A Life Well Lived

As part of our journey to redefine Wealth we are exploring what “A Life Well Lived” means: interviewing artists, entrepreneurs, explorers, and change-makers as they share their stories and ask “what is my life well lived?” Here we talk to Jeremy and Cath Brown, founders of Feldspar, about their business and what living well means to them.

Overlooking the rolling hills of Dartmoor in southern Devon, Feldspar, is a design brand and workshop that make objects for life. “We make things seriously, but we want them to be light-hearted” says Jeremy. “We spend a lot of time designing things to be exactly how we think they should be, but we want people to enjoy using them. To be conversation pieces, to bring a little smile to your face when you use them.”

Before setting up Feldspar, Cath had just finished training as an architect and Jeremy was working for the UN with a number of large fashion houses, researching and implementing ethical supply chains.

“Some of the fashion houses were amazing” recalls Jeremy “and they were really interested in making a difference, making a change. Others were very interested in the positive communications aspect.. But less so in actually making a difference.”

“That was a huge inspiration for us when it came to starting Feldspar” explains Cath. “We wanted to do everything the way that we felt things should be done. Ensuring everyone’s paid fairly along the way, and that everything’s made out of the finest materials we can find. We didn’t want to have to compromise on anything. Even the paper for our packaging is milled in the Lake District.”

"I found myself reading all of these books about craftspeople and the fantastic lives they were living, making things.”

When it came to launching Feldspar they explain that whilst they both had design backgrounds, Cath having trained as an architect and Jeremy having studied design, the decision to move from London, and pick up tools in this case, was somewhat impulsive.

“The summer before we moved we were telling people how we would never leave London.” Says Jeremy. “Cath was heavily pregnant and at the time was travelling an hour into work, and an hour back. I was travelling abroad the whole time and could be away 25 days out of the month, in a different continent every other day sometimes.”

“In the end I just burnt out. It got the stage where I couldn’t get out of bed for weeks, and the only thing I could do was read. I found myself reading all of these books about craftspeople and the fantastic lives they were living, making things.”

On Launching Feldspar

“We were looking for a house in East London at the time,’” says Cath “and then we just ended up having a look at what we could afford in Devon instead. And that was it. We thought, lets do that.”

“We didn’t have a plan as such, we just said we’d try it, take a sabbatical or treat it like my maternity leave.”

“For the first six months I didn’t even have a phone” says Jeremy, “which was lovely. And then Cath made me get one what with us having a new-born child.”

When it comes to explaining whether running their own business was something they both dreamt of, Cath laughs. “For me, definitely not. When starting a business you’ve got to be incredibly self-motivated. Or have at least one person who is. Jeremy is very self-motivated. And I, am not.”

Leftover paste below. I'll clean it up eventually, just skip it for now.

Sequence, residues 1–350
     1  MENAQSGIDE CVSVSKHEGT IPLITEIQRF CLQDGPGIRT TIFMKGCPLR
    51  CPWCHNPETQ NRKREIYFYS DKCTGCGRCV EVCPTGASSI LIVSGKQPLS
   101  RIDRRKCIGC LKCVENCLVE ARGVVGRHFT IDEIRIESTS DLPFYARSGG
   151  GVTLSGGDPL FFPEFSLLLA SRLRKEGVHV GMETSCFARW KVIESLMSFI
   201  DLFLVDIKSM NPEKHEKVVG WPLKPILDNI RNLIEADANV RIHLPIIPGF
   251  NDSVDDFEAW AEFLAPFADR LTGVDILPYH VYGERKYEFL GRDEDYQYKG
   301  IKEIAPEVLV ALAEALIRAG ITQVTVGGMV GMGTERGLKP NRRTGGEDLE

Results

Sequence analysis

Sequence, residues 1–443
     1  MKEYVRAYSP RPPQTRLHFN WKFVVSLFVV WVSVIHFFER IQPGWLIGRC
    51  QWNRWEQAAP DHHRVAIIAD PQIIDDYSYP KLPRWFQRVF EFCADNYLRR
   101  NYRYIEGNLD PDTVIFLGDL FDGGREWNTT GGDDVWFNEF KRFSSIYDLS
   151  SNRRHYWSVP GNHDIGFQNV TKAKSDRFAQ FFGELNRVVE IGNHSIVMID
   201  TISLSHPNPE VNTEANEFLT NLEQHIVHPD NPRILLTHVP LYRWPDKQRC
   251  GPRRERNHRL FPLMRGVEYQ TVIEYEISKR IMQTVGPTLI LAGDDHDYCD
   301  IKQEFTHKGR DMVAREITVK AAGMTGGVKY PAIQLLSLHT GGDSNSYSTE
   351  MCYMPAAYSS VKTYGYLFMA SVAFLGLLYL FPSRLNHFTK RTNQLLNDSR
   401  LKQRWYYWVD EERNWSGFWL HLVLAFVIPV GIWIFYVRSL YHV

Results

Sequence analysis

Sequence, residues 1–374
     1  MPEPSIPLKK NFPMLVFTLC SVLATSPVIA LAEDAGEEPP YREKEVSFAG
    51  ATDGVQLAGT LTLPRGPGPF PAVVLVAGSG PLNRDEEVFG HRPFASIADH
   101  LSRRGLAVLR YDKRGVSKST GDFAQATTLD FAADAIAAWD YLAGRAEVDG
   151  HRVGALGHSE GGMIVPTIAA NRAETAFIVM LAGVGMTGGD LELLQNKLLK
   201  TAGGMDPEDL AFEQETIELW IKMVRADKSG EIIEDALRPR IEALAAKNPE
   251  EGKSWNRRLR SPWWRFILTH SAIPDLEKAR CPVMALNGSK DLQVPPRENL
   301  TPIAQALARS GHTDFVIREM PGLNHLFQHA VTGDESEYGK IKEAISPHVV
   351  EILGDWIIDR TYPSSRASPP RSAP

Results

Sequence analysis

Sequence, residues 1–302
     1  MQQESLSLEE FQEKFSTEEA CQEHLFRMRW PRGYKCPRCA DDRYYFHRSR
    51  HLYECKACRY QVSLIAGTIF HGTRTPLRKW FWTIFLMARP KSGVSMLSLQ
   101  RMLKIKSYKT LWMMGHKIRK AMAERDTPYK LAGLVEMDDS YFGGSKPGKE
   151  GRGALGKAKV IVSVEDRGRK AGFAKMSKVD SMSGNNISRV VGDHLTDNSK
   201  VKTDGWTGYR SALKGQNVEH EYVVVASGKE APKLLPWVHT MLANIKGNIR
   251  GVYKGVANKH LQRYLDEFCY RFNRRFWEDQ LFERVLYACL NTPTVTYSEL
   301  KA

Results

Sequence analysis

“I think I would be what you call a typical entrepreneur” says Jeremy. “A lot of what I did at the UN was about helping other people to build businesses. Showing others how to do it and do it responsibly, but inevitably I would get frustrated because they wouldn’t do it how I wanted it to be.”

“Even when I was a kid I was starting businesses in my bedroom – all of them terrible failures – but I’m constantly thinking about work, even to the point where it’s not necessarily that productive. Whereas Cath is much better at focussing in – if you point her in the right direction, she’s like a Duracell bunny and then she’ll just zoom to the end. And do it really well.”

On Advice

"Absorb as much advice as you can take. But be really selective about who you ask for advice."

“We found that everybody has an opinion,” says Cath “And they are not necessarily grounded in any first hand experience. So, be a real sponge. Absorb as much advice as you can take. But be really selective about who you ask for advice. You’ve got to really stick to your guns, to really know why you’re doing it.”

“Exactly.” agrees Jeremy. “Seek out advice, but try to find mentors and peers that you look up to and you think can help guide you. We were lucky to know some really successful people in this field,  and so the first thing we would do is ask ourselves “Who do we think will have valuable advice for this particular project?” And I think that really is the most important thing, being selective about who you ask.”

On Milestones

“As the business has grown, every now and again we’ll get to a scary cliff-edge. Because as it grows, the costs going out continue to grow, and the cash flow gets stretched.” explains Jeremy. “If someone places a massive order, the first thought is of course excitement, and then the second is, “Oh no.. How are we going to get it all made?” Invariably we’ll have the odd sleepless night, but then we both just sit down and take a step back. If we fail, at the end of the day we’re all healthy and happy. This isn’t life or death.”